Shazar, Shneur Zalman

(formerly Rubashov)
   Israel's third president (1963-73). Born in Mir in the Minsk Province of Russia on 6 October 1889, he later moved with his family to Stolbtsy, where he received a traditional heder education. Encouraged by his parents' Zionism, he entered the Poalei Zion Movement in Russia in 1905. During the unsuccessful Russian Revolution of 1905, he participated in Jewish self-defense groups. In 1907, he moved to Vilna, where he wrote for Yiddish newspapers in Russia and in the United States. He left for Palestine in 1911 but returned to Russia, and then beginning in 1912, he studied at several German universities. In 1916, he became one of the founders of the Labor Zionist Movement in Germany and the next year helped found the Hehalutz Movement in Germany. At the Poalei Zion conference in Vienna in 1920, he gained notice as a prominent spokesman for the right wing. He was responsible for the first conference of the World Hehalutz Organization in 1921.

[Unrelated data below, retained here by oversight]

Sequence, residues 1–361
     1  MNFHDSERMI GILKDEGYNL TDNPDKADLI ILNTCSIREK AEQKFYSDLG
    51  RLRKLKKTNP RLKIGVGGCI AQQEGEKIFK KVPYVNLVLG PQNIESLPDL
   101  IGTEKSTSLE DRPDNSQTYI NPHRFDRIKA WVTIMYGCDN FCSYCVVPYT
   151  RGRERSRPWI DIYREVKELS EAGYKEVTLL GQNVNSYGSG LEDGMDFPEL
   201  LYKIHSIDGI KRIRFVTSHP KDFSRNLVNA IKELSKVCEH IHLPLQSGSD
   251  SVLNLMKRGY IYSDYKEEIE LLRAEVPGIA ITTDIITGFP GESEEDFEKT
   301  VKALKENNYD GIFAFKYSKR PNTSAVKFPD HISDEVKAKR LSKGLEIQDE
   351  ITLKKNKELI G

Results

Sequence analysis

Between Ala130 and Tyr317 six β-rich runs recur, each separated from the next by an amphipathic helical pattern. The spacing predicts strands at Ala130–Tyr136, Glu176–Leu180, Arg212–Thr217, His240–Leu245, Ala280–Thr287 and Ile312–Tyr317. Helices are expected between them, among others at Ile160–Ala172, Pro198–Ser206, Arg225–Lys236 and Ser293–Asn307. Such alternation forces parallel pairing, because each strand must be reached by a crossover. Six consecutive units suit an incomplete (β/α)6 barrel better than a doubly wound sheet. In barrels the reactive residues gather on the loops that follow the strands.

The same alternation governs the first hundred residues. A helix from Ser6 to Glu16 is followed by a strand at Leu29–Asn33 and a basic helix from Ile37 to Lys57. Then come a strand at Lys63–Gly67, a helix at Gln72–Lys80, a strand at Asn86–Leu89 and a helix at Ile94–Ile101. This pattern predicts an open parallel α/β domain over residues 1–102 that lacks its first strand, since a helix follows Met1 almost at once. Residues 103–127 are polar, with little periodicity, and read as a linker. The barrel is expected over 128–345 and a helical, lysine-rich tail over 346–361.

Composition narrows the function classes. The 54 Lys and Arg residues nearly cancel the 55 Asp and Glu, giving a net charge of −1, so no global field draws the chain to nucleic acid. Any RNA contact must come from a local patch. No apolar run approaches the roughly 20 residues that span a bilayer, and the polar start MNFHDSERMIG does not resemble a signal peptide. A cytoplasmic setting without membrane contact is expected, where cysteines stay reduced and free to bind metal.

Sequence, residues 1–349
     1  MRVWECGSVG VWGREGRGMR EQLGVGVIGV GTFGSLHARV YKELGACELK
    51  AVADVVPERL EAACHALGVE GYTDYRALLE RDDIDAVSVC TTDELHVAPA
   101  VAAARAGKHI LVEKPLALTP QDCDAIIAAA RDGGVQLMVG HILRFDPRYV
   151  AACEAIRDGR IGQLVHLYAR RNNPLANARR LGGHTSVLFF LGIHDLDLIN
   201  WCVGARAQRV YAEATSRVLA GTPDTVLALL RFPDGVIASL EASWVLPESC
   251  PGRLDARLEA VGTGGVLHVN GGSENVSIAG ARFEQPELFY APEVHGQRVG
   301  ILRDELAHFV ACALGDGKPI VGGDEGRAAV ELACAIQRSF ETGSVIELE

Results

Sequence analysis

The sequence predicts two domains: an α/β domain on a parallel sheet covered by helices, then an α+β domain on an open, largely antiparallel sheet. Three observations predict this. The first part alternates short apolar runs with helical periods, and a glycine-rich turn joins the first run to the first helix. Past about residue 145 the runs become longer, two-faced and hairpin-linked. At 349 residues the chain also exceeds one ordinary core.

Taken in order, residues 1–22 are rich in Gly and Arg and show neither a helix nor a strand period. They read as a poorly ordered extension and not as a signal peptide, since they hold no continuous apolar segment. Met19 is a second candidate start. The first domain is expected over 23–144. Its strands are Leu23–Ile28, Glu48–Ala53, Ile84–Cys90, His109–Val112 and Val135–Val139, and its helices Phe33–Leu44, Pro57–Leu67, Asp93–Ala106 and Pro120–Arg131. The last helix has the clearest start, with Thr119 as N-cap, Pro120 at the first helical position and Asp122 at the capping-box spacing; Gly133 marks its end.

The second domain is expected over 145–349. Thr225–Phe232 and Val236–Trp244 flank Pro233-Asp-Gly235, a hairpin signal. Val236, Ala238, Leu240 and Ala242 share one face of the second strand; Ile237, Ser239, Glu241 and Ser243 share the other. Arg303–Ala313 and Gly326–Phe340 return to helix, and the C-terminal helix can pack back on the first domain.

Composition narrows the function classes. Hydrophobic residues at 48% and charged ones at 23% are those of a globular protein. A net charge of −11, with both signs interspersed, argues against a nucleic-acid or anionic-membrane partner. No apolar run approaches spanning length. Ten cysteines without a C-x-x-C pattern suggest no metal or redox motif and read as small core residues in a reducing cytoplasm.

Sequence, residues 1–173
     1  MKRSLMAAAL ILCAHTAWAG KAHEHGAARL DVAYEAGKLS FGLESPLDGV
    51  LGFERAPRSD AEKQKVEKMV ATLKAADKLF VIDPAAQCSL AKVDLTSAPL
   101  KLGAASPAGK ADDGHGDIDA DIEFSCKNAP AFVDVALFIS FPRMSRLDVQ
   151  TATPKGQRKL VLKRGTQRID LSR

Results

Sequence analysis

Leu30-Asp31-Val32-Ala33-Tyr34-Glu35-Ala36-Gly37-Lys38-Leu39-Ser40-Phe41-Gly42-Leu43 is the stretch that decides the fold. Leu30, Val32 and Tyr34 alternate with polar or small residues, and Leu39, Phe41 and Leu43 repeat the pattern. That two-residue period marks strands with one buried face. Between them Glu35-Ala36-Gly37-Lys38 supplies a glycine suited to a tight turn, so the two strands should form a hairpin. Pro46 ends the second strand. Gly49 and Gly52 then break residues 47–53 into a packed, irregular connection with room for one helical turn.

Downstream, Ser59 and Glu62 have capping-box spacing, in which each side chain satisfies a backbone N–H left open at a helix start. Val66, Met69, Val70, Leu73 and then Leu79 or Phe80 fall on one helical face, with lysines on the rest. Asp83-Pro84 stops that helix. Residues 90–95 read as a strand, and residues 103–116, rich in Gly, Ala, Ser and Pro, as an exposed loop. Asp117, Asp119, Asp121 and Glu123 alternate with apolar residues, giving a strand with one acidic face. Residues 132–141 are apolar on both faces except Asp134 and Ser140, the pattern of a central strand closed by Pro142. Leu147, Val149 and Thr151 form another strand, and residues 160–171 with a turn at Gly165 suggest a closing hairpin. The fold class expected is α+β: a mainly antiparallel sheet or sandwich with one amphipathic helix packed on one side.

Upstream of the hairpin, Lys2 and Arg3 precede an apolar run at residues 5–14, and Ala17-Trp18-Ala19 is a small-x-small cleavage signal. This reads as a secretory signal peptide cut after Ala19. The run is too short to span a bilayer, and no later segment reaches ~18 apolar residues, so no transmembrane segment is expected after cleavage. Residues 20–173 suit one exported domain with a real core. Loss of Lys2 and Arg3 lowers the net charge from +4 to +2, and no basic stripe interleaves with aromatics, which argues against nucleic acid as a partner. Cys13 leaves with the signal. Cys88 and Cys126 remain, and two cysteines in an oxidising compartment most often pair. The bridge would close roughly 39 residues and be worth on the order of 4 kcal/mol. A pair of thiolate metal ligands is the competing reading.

Shazar settled in Palestine in 1924, became a member of the secretariat of the Histadrut, and joined the editorial board of Davar. In 1949, he was elected to Israel's first Knesset and served as minister of education and culture, in which he was responsible for the 1949 Compulsory Education Law. In 1952, the government of the Union of Soviet Socialist Republics refused to accept him as Israel's ambassador. In that same year, he became a member of the executive of the Jewish Agency and headed the Department of Information and after 1954 the Department of Education and Culture in the Diaspora.
   Between 1956 and 1960, he was acting chairman of the Jewish Agency's Jerusalem executive.
   Shazar was elected the third president of Israel on 21 May 1963, reelected in March 1968, and served until 1973. As president, he sponsored the Bible Study Circle and the Circle for the Study of the Diaspora. He wrote voluminously on political, social, and historical themes. In January 1964, he was awarded the Bialik Prize for his book on Jewish personalities. He died on 5 October 1974.

Historical Dictionary of Israel. .

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